Hello there. It’s been a while, hasn’t it?
I thought that for my first real post in a while I’d throw you guys something that I’m particularly proud of.
A picture of my daughter.
She’s not only sweet & adorable, but also all consuming. Time, sleep, critical thinking skills… you name it, she’s taken it.
But I wouldn’t trade it for anything. She rules.
But, to get more to the point of this here little booze blog, I want to offer you something else that I’m proud of.
Axis & Allies
One of our loveliest wine reps stopped by with a bottle of Barolo Chinato for me to play with. Being a bartender with a blog it’s mandatory that I engage in acquiring a taste for all things bitter. She knows this and plays me well.
She brought with her some tasting notes and an article she found online from one of my favorite spirit writers Jason Wilson. At the end of the article he cites a recipe from Adam Bernbach at Bar Pilar in DC, which combines the Barolo Chinato with Gin & Peychaud bitters.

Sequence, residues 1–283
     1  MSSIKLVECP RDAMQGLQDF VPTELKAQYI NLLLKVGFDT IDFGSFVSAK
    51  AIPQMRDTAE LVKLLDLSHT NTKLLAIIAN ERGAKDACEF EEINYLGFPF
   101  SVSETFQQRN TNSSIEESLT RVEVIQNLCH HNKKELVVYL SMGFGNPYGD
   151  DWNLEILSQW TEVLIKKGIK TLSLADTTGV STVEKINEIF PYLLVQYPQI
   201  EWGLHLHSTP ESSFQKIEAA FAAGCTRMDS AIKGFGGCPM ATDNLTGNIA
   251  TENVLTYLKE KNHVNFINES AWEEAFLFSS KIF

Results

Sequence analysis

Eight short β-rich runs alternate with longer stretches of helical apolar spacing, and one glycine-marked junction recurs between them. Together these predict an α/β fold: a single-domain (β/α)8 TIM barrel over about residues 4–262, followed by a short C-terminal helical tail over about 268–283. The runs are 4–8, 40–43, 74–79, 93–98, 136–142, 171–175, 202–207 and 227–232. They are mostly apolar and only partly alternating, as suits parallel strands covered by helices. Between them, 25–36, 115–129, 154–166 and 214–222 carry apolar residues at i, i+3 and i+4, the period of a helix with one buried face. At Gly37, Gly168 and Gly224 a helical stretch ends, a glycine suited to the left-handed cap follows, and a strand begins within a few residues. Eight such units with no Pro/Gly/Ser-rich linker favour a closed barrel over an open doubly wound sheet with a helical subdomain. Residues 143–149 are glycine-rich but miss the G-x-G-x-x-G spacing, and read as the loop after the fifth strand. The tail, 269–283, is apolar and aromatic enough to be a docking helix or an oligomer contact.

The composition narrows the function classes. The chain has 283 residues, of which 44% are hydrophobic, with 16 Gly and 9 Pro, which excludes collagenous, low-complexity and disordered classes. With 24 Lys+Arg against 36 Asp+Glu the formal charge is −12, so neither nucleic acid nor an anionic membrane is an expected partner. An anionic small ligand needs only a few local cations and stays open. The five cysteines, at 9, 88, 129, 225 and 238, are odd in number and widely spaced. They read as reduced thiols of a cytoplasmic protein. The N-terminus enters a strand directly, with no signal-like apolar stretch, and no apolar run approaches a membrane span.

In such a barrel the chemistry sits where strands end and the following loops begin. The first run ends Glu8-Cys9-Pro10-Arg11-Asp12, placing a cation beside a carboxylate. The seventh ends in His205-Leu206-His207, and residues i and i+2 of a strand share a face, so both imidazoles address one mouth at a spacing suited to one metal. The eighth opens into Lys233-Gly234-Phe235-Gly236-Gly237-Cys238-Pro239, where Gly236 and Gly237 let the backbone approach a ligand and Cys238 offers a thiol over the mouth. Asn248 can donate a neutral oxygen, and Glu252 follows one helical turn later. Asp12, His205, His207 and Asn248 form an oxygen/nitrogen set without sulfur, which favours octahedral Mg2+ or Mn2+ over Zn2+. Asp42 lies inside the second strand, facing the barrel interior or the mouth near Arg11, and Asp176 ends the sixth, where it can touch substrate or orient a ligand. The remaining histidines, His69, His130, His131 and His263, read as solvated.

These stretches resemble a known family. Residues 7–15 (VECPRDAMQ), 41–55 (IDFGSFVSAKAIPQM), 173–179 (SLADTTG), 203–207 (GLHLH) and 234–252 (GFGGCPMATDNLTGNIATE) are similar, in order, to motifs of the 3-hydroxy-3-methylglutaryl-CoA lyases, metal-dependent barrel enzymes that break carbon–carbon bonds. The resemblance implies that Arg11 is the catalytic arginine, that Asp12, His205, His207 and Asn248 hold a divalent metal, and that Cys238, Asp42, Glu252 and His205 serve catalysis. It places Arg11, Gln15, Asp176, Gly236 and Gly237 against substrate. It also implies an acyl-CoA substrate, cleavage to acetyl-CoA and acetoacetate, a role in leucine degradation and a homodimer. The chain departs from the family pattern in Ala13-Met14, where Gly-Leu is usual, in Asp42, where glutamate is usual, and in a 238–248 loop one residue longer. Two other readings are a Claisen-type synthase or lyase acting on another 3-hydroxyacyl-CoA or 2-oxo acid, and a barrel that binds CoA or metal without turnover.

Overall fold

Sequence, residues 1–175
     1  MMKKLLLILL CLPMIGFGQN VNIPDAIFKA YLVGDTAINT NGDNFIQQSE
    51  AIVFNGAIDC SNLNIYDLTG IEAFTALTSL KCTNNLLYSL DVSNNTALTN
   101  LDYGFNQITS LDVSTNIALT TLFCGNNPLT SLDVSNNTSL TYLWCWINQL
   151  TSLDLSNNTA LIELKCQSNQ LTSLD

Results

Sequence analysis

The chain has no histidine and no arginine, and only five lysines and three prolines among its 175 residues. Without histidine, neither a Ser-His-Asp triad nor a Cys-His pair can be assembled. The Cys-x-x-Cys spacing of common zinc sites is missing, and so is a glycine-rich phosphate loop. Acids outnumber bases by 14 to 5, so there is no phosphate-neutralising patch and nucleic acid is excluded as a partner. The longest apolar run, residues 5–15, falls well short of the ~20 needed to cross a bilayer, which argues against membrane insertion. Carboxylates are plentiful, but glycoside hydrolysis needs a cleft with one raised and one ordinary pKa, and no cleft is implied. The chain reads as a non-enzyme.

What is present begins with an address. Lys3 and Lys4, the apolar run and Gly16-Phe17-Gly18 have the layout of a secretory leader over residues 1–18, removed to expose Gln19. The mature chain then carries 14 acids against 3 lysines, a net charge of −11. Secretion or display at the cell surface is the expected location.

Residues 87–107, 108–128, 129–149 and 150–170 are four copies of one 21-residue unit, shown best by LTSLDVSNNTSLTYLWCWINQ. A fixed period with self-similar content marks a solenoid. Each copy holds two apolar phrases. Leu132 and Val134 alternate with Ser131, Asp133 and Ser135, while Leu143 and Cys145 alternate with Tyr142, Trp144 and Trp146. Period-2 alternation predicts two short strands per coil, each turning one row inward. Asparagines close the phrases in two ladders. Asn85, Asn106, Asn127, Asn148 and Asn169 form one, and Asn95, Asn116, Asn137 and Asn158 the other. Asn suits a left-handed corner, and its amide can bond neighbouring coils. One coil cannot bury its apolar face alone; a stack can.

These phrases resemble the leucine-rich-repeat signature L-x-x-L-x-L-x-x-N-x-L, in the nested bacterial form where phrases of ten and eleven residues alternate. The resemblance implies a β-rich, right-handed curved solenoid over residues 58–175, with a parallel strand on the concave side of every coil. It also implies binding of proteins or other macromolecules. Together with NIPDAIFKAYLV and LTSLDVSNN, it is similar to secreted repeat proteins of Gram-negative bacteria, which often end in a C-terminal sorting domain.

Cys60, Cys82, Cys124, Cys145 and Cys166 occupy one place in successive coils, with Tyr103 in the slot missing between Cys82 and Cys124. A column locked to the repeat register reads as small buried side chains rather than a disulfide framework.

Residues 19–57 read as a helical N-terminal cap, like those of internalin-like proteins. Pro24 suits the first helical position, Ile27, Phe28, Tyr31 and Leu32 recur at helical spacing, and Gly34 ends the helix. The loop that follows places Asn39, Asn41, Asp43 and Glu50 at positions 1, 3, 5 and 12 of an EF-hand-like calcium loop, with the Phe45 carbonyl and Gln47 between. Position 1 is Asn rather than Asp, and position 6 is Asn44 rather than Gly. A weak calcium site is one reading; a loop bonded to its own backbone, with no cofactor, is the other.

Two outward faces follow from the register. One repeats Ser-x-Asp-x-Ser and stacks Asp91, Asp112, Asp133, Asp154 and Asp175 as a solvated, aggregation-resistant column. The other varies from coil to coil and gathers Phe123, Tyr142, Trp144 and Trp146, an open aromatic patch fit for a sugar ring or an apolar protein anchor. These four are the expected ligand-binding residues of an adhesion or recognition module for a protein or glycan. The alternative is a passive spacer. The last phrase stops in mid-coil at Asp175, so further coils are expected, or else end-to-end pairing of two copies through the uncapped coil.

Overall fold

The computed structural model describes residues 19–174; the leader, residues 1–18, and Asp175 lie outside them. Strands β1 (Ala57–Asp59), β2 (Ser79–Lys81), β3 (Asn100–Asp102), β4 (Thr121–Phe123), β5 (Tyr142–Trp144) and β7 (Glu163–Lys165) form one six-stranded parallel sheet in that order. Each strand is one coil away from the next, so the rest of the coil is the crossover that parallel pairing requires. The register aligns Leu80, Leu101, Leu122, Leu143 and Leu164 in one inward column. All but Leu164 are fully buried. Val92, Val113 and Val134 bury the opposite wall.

I decided to use that building block to move forward and here is what I came up with.
1.5 oz Bols Genever (Netherlands)
.5 oz Barolo Chinato (Italy)
.25 oz Benedictine (France)
3 dashes Peychauds Bitters (USA)
Splash of Riesling (Germany)
Lemon twist (Unaffiliated, not like the Swiss were to WWII, more like David Bowie is to gender)
Combine Genever, Barolo Chinato, Benedictine, Peychauds over ice in a tumbler and stir for 30 seconds. Strain into a chilled coupe glass. Splash a small amount of Riesling into your coupe and twist a lemon peel over the top.
I originally had everything but the Riesling in the recipe, but found that I just wasn’t pleased with the outcome. I needed just a bit more sweetness, but Simple Syrup was just too viscous and unbalanced the drink. The only reason I went to the Riesling I because I recognized the international products homelands and, well, needed something German. Eureka!
I’m proud of this drink. I really, really love it.
Plus, it helps me to forget that right now my daughter looks a little too similar to another WWII icon.